Lydia Schiller .... staff executive
David O. Selznick .... presenter
James G. Stewart .... staff executive
Gerard Wilson .... staff executive
Charlsie Bryant .... script supervisor (uncredited)
Paul Eagler .... staff executive (uncredited)
Paul MacNamara .... publicity director (uncredited)
 
Thanks
Robert Brackman .... grateful acknowledgment
Bernard Herrmann .... grateful acknowledgment
 
Crew verified as complete


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Additional Details

Also Known As:
Runtime:
86 min
Country:
Language:
Color:
Black and White (green and sepia tints for final reel, excluding last shot) | Color (Technicolor) (final shot)
Aspect Ratio:
1.37 : 1 See more »
Sound Mix:
3 Channel Stereo (1956) (5.0) (L-R)
Certification:

Did You Know?

Trivia:
Special effects: Although almost the entire film is in black and white, the tidal wave sequence towards the end is shown in green tint, and the final shot of the completed portrait of Jennie is in full Technicolor. The original theatrical releases in Los Angeles (Carthay Circle Theatre), New York (Rivoli Theatre) and Boston (Esquire & Mayflower Theatres) presented the tidal wave sequence in Magnascope on the Cycloramic screen with Multi-Sound. The Cycloramic screen was claimed to be more reflective than regular screens with no distortion visible from any seat in the theatre, Multi-Sound was an early version of a Surround Sound-type speaker installation. Bosley Crowther, film critic for the New York Times, described it as "a howling hurricane that will blast you out of your seat."See more »
Goofs:
Continuity: During the scene where Eben first meets Jennie in the park, the snow on the front of her coat comes and goes.See more »
Quotes:
Jennie Appleton:I hate for it to stop, because when will we ever have it again?See more »
Movie Connections:
Features The Whoopee Party (1932)See more »
Soundtrack:
Arabesque No. 1 in ESee more »

FAQ

Is there really a portrait of Jennie hanging in the Metropolitan Museum of Art?
Who/what is 'Shan Van Vocht' mentioned at the unveiling of the portrait of Mick Collins?
Is 'Portrait of Jennie' based on a book?
See more »
27 out of 29 people found the following review useful.
A surprisingly simple and wonderful gift!, 25 December 1999
Author: Ron'46 (rwb@starii.net) from Texas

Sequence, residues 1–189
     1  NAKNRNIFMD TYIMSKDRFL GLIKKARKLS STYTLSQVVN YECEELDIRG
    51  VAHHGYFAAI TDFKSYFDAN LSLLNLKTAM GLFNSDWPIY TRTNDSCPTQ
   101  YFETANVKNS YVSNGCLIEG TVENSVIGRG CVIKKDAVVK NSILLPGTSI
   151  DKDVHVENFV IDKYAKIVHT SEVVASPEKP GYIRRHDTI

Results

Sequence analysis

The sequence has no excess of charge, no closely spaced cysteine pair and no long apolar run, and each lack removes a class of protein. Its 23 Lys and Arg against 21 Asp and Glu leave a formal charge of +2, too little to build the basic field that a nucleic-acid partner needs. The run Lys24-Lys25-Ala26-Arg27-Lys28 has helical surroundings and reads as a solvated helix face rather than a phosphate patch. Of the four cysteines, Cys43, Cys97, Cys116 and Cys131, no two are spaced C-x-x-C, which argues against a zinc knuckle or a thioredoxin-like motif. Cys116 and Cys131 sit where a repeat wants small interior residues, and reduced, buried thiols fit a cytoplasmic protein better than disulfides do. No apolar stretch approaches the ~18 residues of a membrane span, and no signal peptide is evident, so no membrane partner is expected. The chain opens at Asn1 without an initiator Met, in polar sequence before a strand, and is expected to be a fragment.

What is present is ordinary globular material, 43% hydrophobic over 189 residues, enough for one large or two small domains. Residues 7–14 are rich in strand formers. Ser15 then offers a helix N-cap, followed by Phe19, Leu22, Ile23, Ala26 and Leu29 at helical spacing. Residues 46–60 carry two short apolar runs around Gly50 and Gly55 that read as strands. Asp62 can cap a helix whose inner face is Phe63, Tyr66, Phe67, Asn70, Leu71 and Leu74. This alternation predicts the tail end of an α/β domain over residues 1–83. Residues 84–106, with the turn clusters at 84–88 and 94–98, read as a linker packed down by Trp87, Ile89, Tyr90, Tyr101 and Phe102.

Years ago, during Christmas season, "It's A Wonderful Life" (1946) made a huge difference in an otherwise humbug seasonal experience, one all too typical for me. Today, Christmas 1999, "Portrait of Jennie" (1948) gave me the same renewal of spirit and belief in transcendant human values. Similar themes and techniques underlay both films. Hopelessness and a search for meaning and redemption is met in each by a mystical and transforming experience. Black and white photography artfully supports and enhances the plot, especially in "Portrait of Jeannie". Transcendence of monetary woes is another common thread. Unlike the Jimmy Stewart character in "It's A Wonderful Life", Joseph Cotton's struggling artist is doing what he wants to do, not lost in regrets over missed opportunities. Still he is lost, alone and unsatisfied. He finds his salvation in his work, when inspired by a ghostly acquaintance (Jennifer Jones). While there is a nod to traditional religion, the underlying theme of "I believe, if you believe" outweighs any mixed messages. The film unfolds steadily and predictably, but ultimately gives the gifts of hope and joy to any viewer. In my case I would add: despite the viewers original mood. Films like these don't come along too often. Without an ounce of traditional Christmas symbolism this film should be another holiday classic. The transition from humbug to hope is a classic holiday story and gift! As a perennial grouch at Christmas, I am surprised to find another one like it again. Just last night I said humbug to watching "It's a Wonderful Life Again." There must have been something in those post-war years when hope and optimism came rushing back filling the screen, replacing the fear and despair felt by so many. Whatever, give yourself a gift and watch this movie sometime, then pass it along. I'm glad I did!